I am generally a happy, motivated, hard-working, compassionate and adventurous individual however in the past year I have noticed some unhealthy emotional patterns; I have continually allowed myself to be a doormat by letting people in my life walk all over me to the point it has affected my happiness.
I have allowed friends to skip out on plans without telling me, invite themselves to stay with me for a weekend, leave me hanging, take advantage of my resources, use me solely for a vacation, expect me to plan their vacation, demand that I carry their firewood (literally this happened), embarrass me in front of others, verbally demand things from me, and the list goes on. I was officially a carpet where I allowed others to walk all over me, and slam and open the door on me whenever they felt like it.
I knew these behaviors were uncalled for but I also wanted to be liked. I wanted to help others and do good, but at what expense? When these hurtful actions occurred, I took some time to collect my thoughts and reflect. I came to a point where I could no longer handle this behavior so I addressed my feelings to these individuals. My feelings were either dismissed, ignored or I was told that I was to blame.
I made a point to distance myself from these so-called friends in my life and from that day forward, I told myself I was no longer going to be a doormat for others to wipe their dirty boots on. I have always been a strong individual with a backbone but somehow it seemed that my backbone was becoming more “flexible” in the past year or so.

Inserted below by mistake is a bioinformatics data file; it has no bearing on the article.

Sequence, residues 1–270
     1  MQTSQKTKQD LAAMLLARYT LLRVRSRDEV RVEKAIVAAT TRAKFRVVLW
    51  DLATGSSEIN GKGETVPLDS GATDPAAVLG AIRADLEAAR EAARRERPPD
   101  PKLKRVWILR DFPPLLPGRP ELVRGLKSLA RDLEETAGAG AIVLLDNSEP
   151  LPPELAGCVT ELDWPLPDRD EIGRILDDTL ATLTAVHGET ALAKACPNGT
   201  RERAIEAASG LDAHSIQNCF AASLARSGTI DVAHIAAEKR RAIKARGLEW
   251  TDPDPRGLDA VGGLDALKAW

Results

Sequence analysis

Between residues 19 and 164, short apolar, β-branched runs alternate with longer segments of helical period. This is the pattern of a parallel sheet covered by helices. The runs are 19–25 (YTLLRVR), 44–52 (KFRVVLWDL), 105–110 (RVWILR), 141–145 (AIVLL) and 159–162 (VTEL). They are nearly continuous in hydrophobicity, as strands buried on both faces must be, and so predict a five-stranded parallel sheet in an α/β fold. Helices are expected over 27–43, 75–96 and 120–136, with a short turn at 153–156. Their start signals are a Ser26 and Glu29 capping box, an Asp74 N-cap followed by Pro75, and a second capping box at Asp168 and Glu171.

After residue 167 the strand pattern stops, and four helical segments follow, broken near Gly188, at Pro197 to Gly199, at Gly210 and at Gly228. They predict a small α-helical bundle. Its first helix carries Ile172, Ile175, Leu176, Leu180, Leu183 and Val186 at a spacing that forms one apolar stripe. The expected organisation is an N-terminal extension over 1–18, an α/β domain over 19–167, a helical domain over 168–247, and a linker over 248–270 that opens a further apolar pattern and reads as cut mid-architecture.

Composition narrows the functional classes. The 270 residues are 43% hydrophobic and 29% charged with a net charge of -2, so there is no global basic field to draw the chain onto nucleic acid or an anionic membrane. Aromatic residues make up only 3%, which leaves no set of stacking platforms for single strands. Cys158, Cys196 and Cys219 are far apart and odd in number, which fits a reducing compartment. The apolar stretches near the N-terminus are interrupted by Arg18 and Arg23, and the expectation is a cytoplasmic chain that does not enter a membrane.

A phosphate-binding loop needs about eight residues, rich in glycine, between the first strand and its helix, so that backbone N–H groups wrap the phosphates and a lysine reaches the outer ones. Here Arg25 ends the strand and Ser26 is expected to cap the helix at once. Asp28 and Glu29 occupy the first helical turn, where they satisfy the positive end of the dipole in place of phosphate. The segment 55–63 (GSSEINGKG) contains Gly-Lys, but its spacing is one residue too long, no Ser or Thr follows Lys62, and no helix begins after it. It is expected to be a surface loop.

Taking a stance
Over the past few months, I have made a firm decision to stand up for myself, to express to others how I feel, and to be a lot more cautious of whom I allow in my life. I recently was doing some research on emotional self-harm and I came across an article that mentioned self-sabotage and “people-pleasing” as a sign of emotional self-harm. This hit me right where I needed it to because I knew my happiness was becoming compromised due to my own decision to allow people to walk all over me. I was in a cycle of emotional self-harm (yuck).
Defining self-harm: physical vs. emotional
When many individuals think of self-harm they often think of physical self-harm, formally known as nonsuicidal self-injury disorder in which individuals engage in cutting, burning, extreme picking of the skin or pulling of hair as an unhealthy way to release emotions related to anger, sadness, neglect, pain, and frustration. However, self-harm comes in all forms, and it is just as possible to cause ourselves mental and emotional self-harm that can be just as damaging to us as physical self-harm in the long run. Without treatment or awareness, emotional self-harm can potentially result in depression, eating disorders, suicidal ideations, anxiety, physical self-harm, substance abuse disorders, and obsessive-compulsive disorder.
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